Хотите чай, чая or чаю?

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Хотите  чай , чая or чаю?  

When students start learning Russian one of the first verbs they meet - is the verb «хотеть» (to want)  and that obvious because they need  this verb and start using it from the very beginning  expressing their wishes.  


Russian language grammar: the Partitive Genitive case


According to the Russian grammar we teach them that after the verb «хотеть»  the  Accusative case (case N4) is used. 

For example: 
  • Я хочу чай, вино, конфету, торт, мороженое и сметану. 

But  the problem is  when  somebody asks them: 
  • Вы хотите чаю, кофейку, вина, торта, мороженого или сметаны?   
That's obvious that's not Accusative! It's Genitive! You can see that native speakers of Russian language  usually use Genitive case  (case N2) after this Russian  verb.  

                                                         WHY?

Why do Russian native speakers  use Genitive case after the verb хотеть, while all the grammar books say that you should use Accusative?



The answer we can find in the history of Russian language.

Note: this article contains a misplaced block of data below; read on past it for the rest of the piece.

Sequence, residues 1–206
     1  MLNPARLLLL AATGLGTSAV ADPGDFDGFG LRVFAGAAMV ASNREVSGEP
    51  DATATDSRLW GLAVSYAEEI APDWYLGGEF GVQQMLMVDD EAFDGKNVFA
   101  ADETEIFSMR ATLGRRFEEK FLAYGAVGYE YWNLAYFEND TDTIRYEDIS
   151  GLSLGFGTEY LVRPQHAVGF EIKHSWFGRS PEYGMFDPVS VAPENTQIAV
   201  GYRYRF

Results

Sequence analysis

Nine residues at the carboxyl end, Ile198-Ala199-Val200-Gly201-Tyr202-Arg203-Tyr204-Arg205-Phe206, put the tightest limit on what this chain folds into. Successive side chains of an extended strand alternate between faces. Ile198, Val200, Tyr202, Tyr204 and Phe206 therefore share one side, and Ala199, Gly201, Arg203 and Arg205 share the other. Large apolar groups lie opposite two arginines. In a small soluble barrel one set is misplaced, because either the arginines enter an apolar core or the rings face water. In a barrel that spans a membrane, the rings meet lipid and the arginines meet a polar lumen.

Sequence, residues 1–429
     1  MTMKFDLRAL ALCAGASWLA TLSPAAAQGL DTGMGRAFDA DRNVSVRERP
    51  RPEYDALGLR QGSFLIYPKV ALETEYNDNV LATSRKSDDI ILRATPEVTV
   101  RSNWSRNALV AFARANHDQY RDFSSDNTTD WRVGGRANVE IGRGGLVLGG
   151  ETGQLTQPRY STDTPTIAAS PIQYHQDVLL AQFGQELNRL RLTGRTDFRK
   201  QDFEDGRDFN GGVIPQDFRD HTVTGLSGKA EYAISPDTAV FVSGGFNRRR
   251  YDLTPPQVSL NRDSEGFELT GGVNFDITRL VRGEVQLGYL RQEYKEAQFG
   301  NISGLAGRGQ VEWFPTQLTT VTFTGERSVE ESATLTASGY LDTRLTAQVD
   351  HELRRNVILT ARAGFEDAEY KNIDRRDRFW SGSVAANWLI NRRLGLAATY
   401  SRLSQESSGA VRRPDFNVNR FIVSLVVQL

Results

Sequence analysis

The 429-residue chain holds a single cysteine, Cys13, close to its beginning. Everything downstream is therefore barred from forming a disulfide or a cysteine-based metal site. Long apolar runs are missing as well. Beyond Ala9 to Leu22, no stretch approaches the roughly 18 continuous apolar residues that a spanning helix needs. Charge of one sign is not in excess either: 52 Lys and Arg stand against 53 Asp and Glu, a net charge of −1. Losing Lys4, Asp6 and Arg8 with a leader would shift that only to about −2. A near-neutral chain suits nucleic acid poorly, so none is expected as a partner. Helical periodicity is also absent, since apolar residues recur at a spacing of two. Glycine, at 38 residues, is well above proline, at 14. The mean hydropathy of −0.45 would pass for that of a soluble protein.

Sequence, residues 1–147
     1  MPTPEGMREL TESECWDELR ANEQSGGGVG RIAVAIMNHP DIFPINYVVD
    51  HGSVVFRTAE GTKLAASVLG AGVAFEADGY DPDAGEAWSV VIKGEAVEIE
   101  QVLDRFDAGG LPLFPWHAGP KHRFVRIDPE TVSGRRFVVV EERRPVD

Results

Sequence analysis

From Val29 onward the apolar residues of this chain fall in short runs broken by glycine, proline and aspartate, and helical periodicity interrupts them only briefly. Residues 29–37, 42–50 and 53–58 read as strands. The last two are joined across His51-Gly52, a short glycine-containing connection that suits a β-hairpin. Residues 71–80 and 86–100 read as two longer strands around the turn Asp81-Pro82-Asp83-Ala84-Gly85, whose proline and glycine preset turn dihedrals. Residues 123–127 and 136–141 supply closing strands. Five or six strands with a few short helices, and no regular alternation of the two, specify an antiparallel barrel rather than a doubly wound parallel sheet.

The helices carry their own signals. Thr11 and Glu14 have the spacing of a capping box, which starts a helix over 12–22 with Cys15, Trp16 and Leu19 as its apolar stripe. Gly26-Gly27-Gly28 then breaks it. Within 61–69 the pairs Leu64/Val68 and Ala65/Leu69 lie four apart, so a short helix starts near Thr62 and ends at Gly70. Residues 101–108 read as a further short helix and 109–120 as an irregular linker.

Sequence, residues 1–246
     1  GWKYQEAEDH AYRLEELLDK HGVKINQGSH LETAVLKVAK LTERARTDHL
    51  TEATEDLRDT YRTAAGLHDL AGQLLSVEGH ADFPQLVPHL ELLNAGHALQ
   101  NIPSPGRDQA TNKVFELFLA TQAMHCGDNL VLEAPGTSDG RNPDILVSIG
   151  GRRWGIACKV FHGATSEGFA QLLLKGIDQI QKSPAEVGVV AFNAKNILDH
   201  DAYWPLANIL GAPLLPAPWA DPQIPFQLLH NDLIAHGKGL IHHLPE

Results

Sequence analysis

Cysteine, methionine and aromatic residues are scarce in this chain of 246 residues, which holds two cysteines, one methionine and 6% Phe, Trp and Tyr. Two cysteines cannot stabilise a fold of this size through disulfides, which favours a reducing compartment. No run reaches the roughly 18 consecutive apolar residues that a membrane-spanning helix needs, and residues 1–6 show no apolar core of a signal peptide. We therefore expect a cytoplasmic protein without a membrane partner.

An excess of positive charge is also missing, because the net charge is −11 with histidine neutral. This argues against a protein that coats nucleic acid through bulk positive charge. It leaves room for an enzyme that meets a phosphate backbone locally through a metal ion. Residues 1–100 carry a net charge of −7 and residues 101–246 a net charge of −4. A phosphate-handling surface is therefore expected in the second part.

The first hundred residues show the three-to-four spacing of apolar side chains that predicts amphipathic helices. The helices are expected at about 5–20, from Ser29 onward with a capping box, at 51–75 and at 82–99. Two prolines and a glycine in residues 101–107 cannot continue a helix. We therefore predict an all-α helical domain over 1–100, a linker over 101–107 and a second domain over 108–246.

Nowadays you are lucky that there are only six cases in Russian language.  There were 11 cases before. 5 cases disappeared  but not completely.  We can find them in our speech. 

There was  the Partitive Genitive  case in Russian language before.  It used to denote an unspecified amount , or a part of something. And as a result this case we can still find in our speech.

The Partitive Genitive is widely used when speaking about  drinks, food and it’s ingredients: (sugar, salt, milk, rice, tea, juice etc) 

For example:


  • Я хочу  молока =  means I want some milk (not all in the bottle, just a glass or a cup of milk) 

  • Вы хотите чаю? =  Would you like some tea?  (a cup of tea etc) 

  • Я бы выпил вина. - I would drink some wine.   (a glass of wine) 
                                                  
                                                           BUT !
But If you know Russian grammar you can note that  the Genitive of the Russian word чай  should be чая, the Genetive of мёд   should be мёда.  Why do we  use  чаю  or мёду with the letter ю or  у  at the end?

The answer is that this case preserves it’s archaic forms in  widely used  masculine words, like:

 чаю (tea), сахару (sugar), перцу (pepper), мёду (honey),  коньяку (cognac), квасу (kvas- Russian traditional drink from bread), рису (rice), винограду (grape).


Remember!  The  Russian Partitive Genitive is used  after the perfective verbs and and the the verb хотеть

                  Compare! 

Пейте вино!       Выпейте вина! 
Пейте чай!         Выпейте чаю! 
Пейте молоко!  Выпейте молока! 


These phrase like:  Хочешь чайку/ кофейку?  ( would you like tea or coffee?) you can hear everywhere in Russia. 

Now you know why these forms are used. 



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